Dolphins are not only of the most beautiful animals in the sea but also one of the most intelligent. Among animals, they are believed to have a well-developed way of communicating (talking) with each other. In fact, so efficient is their way of communication, that they are inspiring new human discoveries.
Dolphins talk through clicks. While sound does travel through the water over long distances, the communication can be disturbed when sound waves vibrate against each other. Imagine how difficult it is to hear someone over a telephone line that is always crackling. Dolphins have addressed this problem by using a variety of frequencies in each transmission.
What is frequency?
When we speak the molecules of air vibrate (move). This vibration is passed from one molecule to another causing the sound to travel. Sound travels in waves and the up and down movement is called an ‘oscillation’. The speed at which the sound wave ‘oscillates’ is called its frequency. Each kind of sound has its own frequency. What dolphins do is that they send out their sound in several frequencies. Therefore, one way or the other, they manage to send out their message. Dolphins are so efficient at communication that they can reach out to other dolphins 25 kilometres away!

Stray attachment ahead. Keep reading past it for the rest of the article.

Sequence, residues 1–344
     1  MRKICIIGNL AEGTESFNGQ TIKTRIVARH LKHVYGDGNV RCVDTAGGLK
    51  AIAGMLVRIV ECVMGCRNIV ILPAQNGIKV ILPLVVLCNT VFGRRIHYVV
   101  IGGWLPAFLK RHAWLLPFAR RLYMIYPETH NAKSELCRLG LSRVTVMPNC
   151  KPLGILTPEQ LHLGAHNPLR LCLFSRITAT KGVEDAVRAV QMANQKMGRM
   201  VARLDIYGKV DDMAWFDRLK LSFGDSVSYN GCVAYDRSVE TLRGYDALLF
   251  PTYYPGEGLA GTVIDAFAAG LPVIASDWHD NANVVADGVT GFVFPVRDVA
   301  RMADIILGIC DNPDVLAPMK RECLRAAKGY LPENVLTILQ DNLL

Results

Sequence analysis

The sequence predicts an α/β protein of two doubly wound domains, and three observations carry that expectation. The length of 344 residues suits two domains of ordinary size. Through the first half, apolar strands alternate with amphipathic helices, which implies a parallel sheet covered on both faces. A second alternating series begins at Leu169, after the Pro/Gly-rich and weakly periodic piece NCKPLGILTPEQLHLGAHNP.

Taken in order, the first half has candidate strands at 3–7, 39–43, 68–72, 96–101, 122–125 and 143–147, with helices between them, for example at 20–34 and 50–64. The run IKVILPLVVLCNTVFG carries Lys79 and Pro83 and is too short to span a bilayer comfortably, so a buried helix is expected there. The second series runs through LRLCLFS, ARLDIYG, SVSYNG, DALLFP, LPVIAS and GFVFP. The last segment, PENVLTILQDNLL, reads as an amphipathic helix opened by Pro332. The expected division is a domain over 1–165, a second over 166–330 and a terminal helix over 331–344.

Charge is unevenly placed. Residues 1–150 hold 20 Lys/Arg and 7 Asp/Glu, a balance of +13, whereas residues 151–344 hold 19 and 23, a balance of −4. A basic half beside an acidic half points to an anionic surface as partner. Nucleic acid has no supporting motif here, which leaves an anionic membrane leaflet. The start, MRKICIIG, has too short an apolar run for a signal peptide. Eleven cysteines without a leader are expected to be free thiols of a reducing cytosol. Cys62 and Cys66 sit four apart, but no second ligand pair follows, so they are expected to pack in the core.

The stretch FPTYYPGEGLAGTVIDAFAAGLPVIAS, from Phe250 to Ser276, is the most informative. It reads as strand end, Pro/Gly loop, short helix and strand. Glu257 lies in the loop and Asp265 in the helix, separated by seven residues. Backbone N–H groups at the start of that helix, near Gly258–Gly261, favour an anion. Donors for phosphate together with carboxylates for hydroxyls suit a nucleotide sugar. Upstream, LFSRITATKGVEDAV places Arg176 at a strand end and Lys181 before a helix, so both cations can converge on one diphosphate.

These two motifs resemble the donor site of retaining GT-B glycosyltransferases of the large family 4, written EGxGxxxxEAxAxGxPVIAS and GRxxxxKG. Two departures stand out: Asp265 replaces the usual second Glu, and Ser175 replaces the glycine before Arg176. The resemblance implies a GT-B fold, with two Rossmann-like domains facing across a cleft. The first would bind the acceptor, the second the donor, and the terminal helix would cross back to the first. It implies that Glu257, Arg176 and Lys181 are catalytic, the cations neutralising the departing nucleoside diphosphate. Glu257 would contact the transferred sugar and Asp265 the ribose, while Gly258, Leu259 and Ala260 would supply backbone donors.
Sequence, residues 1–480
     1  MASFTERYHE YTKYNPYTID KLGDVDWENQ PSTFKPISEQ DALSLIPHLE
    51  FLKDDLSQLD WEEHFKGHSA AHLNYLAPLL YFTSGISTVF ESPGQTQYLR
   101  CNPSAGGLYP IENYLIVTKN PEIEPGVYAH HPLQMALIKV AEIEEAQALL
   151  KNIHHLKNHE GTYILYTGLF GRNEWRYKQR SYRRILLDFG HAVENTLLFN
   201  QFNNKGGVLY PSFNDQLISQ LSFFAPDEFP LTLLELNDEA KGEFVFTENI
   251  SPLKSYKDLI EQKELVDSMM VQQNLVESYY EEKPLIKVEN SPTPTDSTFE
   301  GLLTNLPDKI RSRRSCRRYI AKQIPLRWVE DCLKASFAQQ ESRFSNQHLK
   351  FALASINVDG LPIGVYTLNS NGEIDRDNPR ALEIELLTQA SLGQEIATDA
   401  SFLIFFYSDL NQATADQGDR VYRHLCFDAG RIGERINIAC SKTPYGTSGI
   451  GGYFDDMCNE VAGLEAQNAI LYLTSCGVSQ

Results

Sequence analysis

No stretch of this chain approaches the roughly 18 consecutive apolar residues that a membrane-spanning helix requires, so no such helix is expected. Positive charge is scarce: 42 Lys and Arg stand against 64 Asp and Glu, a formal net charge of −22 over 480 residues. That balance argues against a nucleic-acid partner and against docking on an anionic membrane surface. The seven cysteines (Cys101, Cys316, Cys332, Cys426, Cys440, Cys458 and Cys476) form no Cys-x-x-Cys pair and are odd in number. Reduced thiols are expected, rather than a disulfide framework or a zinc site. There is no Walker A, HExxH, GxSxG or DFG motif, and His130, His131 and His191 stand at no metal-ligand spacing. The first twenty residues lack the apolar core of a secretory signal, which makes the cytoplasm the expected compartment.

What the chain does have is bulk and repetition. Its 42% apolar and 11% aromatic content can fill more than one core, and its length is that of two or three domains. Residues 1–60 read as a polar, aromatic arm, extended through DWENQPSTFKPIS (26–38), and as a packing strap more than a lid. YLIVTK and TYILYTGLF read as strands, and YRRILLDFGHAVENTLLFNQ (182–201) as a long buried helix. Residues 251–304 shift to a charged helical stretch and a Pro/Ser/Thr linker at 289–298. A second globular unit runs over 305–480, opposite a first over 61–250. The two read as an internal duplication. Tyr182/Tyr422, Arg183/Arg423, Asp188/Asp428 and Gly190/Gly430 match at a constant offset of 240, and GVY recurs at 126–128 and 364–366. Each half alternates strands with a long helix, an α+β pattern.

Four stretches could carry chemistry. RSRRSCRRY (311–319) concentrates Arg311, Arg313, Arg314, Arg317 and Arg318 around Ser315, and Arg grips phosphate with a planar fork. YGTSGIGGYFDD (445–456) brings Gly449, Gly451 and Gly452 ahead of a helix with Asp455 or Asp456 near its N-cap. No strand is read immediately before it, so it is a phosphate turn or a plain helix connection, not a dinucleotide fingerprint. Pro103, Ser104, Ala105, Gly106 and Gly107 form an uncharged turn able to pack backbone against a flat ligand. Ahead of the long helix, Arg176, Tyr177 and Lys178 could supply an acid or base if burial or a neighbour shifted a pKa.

The way dolphins talk to changing their frequencies has inspired a company in Germany called EvoLogics. This company has used a similar method to build a communication device that can send out messages even from the depths of the ocean.
Why are such devices useful?
Underwater devices are important for sending messages on wave movements. This is useful to predict natural disasters such as tsunamis. Tsunamis are giant waves that can cause much destruction to areas along the coast. These waves start out in the deep ocean and the presence of underwater devices can help alert people to the formation of a tsunami.
EvoLogics has developed such a device that can send out alerts to buoys floating on the surface which is turn can communicate with satellites in space to alert people of a tsunami in the ocean. Their system has been installed at some places in the Indian Ocean as part of a tsunami early warning system.
Indeed, there is much to thank the dolphins for!